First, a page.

A New City And Bikes

London Travel Blog

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Ste wiping the remains of a pasty off of his face
Londinium
So I've arrived.  The nation's capital is a place I never really wanted to live when I was younger, but something about walking around on business trips began to sway me.  There's a vibrancy and multiculturalism about the place which is fascinating and something I'm looking to explore in much greater depth.  And, of course, continental and World events happen.  Like...

Le Tour de France
Here's Ste (photo).  He loves bikes in a way that other people might like chocolate. Bicycles are a passion to be indulged where appropriate and to have the premier bike race in the World begin in London was an opportunity not to be missed.
Gendarmes in England - apparently the road was French soil for the day.
  So, we claimed a bit of a barrier next to Hyde Park early on, cracked open a few bottles of wine and waited for the prologue to start.  Some things I didn't know:

1. The race sponsors drive around the circuit an hour or so before the race starts throwing freebies to the crowd.  To me, this was slightly dangerous due to the range of plastic items strewn all over the road.  Surely, these represent a hazard to the riders?

2. The race track is under the jurisdiction of the French authorities for the race.  That is why armed gendarmes were posing left, right and centre.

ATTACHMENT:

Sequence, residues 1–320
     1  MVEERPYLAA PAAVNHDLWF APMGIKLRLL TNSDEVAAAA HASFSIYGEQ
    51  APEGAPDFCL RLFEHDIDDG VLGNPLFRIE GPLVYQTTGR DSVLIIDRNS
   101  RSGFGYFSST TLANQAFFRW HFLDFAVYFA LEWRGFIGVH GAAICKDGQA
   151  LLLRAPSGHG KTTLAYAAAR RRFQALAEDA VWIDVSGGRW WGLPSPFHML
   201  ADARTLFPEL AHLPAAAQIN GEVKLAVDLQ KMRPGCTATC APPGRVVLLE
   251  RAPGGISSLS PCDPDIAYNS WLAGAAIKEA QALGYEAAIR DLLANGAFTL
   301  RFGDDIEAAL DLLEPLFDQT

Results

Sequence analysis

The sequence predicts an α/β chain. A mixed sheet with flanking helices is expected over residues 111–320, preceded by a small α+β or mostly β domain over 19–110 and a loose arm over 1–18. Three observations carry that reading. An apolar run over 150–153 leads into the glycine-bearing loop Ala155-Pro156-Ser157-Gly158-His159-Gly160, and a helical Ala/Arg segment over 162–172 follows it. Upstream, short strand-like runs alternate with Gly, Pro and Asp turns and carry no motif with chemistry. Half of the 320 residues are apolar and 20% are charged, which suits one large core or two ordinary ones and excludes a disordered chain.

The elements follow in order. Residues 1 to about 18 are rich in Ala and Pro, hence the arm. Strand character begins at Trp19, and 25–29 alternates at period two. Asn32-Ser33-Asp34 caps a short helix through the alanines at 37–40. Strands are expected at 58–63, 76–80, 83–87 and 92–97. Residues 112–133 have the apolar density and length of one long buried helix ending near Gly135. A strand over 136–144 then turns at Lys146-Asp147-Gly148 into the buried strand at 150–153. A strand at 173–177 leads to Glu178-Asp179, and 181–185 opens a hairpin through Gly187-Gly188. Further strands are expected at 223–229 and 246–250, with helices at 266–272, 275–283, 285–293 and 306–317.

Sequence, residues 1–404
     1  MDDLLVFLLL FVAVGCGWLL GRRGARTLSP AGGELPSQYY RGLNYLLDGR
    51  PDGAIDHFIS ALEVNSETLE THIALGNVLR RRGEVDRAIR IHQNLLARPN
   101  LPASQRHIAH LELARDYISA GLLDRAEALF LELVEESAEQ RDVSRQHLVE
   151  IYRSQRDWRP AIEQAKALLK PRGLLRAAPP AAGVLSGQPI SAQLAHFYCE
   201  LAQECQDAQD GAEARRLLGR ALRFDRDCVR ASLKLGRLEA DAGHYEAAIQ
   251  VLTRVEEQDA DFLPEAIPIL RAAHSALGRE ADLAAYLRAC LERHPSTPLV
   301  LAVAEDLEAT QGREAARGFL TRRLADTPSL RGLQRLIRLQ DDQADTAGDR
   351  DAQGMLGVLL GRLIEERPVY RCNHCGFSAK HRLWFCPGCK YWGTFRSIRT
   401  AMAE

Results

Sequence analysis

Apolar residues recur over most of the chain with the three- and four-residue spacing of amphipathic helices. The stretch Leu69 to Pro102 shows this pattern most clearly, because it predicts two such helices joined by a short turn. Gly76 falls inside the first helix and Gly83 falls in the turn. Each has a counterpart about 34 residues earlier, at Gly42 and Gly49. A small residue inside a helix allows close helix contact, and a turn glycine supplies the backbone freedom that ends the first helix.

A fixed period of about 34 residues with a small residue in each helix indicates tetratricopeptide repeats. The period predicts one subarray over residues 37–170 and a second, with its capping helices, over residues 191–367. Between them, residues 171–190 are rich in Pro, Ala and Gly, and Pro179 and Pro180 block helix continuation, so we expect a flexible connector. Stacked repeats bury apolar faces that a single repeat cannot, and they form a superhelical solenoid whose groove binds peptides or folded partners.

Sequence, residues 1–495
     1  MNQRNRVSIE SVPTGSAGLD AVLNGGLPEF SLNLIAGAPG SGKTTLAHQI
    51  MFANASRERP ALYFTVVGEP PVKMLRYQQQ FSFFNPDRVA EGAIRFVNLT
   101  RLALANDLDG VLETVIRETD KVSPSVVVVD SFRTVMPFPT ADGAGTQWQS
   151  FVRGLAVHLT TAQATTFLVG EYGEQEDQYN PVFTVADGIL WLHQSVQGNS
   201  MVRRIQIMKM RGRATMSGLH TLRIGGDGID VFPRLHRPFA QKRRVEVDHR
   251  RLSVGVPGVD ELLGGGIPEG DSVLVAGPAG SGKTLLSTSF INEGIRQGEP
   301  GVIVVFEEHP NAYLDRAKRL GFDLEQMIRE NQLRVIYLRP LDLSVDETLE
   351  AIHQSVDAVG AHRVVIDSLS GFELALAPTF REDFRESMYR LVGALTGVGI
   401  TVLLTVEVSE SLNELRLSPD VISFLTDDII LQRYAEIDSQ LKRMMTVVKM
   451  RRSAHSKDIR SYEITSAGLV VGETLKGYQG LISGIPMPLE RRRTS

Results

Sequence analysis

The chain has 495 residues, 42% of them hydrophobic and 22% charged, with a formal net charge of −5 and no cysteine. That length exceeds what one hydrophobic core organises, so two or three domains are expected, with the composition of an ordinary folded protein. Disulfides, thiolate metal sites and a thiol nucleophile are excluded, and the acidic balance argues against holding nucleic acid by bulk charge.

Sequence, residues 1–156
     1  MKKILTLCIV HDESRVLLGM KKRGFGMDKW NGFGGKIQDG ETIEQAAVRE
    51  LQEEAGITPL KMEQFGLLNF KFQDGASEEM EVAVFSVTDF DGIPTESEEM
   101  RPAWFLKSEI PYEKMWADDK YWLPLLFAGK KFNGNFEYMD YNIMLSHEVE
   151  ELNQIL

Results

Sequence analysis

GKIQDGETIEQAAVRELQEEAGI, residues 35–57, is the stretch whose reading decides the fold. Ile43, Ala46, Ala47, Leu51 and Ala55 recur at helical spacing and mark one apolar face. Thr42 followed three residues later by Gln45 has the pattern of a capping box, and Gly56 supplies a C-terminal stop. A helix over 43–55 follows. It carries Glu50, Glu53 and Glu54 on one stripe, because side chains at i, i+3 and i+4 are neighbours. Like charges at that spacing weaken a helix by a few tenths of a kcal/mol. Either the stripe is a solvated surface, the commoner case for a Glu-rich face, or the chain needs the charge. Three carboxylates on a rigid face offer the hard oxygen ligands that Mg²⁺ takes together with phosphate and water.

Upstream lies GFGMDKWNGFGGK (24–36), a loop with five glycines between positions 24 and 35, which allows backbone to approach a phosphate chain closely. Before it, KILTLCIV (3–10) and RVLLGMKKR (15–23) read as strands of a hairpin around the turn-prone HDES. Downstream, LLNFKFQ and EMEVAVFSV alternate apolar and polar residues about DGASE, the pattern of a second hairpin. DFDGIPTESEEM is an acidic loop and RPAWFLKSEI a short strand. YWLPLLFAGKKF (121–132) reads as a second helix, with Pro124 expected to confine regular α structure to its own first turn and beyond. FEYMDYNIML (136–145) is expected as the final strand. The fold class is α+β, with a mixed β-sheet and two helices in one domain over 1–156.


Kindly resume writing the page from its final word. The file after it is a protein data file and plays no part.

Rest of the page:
3. The bikes make a faintly eerie fizzing noise as they pass - sort of spaceship-like.

Matt also arrived later, but was bored by the whole thing: "So a bloke goes by every two minutes on a bike.  Great."  I, on  the other hand, found it all much fun, although that could have been the drink.
Walking home across the Albert Bridge
  I did sort of expect them to be going a bit faster though.

Ambling Home
I'm also lucky as I live about 45 minutes walk from the Queen's house. After the race ended, we wandered through Hyde Park and then slipped into a pub.  The day was a scorcher, so Ste and I had a sit outside on some barriers and watched London gradually return to normality.  And by that, I mean the cars reappearing on streets that had been closed to them.

Walking home led me through Chelsea, across the Albert Bridge and into Battersea Park.  The evening was beautiful - London has a big sky when you're in the mddle of the river and the evening light gave the place a soft light I would never have expected.  Wonderous.
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Ste wiping the remains of a pasty …
Ste wiping the remains of a pasty…
Gendarmes in England - apparently …
Gendarmes in England - apparently…
Walking home across the Albert Bri…
Walking home across the Albert Br…
Some Tour de France geezer
Some Tour de France geezer
London
photo by: ulysses